Giving the latter talk, I was really surprised that nobody in the audience raised their hands when I was asking who had ever done reverse engineering of any sort. I cannot really imagine any of my work, both in the FOSS community as well as professionally without using whatever means to discover how things (devices, drivers, software) work. Isn't it a most natural human trait? You discover something new, and you want to learn how it works. So you take it apart, learn about its components and understand how the individual parts play together.
I've been doing this with about everything I ever got, even as a kid. Stereo system, reel-to-reel tape recorder, my first 286 based PC, my first motorbike, car, etc. It's simply not acceptable to be in possession of some technical device without understanding how _exactly_ it works.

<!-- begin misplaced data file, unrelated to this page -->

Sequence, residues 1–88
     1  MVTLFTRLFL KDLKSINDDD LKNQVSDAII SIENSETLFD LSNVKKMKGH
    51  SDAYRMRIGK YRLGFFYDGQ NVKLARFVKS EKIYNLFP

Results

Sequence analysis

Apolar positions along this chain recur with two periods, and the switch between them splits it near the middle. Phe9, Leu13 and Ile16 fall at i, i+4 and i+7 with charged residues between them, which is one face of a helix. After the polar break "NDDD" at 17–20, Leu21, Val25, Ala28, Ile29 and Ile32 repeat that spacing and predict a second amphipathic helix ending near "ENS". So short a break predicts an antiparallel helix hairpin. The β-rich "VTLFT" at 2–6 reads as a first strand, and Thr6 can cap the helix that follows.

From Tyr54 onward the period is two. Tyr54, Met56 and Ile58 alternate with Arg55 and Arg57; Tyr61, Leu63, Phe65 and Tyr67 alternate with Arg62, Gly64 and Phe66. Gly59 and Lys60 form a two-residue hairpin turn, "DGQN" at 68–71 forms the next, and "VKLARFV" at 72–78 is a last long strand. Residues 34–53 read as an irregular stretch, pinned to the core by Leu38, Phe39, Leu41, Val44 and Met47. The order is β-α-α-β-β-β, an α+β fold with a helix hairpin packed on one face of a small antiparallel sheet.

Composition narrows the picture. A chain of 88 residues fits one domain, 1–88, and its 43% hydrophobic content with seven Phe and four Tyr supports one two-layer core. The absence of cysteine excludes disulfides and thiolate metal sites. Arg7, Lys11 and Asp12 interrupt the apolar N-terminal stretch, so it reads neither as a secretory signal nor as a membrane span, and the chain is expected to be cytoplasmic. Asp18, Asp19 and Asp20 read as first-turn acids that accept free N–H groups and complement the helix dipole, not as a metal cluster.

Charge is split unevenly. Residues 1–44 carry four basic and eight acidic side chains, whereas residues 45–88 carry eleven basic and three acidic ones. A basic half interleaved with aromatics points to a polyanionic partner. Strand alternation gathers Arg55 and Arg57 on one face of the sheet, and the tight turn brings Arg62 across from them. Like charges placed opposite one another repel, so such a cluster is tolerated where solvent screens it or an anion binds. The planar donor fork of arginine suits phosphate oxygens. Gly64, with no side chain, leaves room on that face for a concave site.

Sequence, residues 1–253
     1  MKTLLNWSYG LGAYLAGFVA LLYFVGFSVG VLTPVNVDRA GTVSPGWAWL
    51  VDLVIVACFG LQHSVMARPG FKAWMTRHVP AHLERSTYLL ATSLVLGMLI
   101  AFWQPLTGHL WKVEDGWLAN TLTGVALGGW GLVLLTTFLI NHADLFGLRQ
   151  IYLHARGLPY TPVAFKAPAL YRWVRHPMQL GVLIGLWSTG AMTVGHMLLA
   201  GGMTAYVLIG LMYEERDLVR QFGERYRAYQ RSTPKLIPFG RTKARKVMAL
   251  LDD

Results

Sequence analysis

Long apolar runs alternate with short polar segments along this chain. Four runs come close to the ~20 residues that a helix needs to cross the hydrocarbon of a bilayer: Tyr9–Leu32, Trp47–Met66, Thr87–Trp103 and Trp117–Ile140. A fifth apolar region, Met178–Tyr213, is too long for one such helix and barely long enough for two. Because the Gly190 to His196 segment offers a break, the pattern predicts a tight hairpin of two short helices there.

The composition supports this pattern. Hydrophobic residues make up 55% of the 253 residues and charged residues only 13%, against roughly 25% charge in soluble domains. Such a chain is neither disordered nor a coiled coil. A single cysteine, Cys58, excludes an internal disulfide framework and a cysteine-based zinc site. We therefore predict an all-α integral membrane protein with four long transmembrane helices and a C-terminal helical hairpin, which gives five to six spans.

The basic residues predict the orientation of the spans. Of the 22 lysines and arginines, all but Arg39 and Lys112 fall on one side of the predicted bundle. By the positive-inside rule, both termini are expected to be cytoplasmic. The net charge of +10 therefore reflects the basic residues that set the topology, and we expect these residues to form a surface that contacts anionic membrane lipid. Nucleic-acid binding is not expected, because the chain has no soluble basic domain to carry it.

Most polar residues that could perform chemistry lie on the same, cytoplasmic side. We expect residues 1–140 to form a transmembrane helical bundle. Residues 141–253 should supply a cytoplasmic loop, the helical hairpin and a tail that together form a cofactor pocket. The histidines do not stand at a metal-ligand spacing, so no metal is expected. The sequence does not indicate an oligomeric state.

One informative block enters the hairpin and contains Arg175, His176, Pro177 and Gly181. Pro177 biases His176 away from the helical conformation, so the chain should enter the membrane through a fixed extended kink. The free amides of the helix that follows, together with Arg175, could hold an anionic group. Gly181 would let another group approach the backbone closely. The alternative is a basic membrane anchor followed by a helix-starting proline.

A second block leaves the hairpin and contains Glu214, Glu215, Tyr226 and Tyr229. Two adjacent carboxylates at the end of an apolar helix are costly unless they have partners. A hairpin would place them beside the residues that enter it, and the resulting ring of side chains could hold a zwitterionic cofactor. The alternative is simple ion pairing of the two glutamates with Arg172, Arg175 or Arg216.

So anyway, I hope the talk was at least a bit inspirational and makes some people try. It is not so much important that you actually fully manage to reach the goal (like in my case getting a full-blown Linux implementation of all the drivers done, etc.). The importance is the process, and what you learn while doing it.
So today I was mostly busy preparing and holding that talk, later at night I was back to working on gsm-tvoid. I'll cover this in a separate post.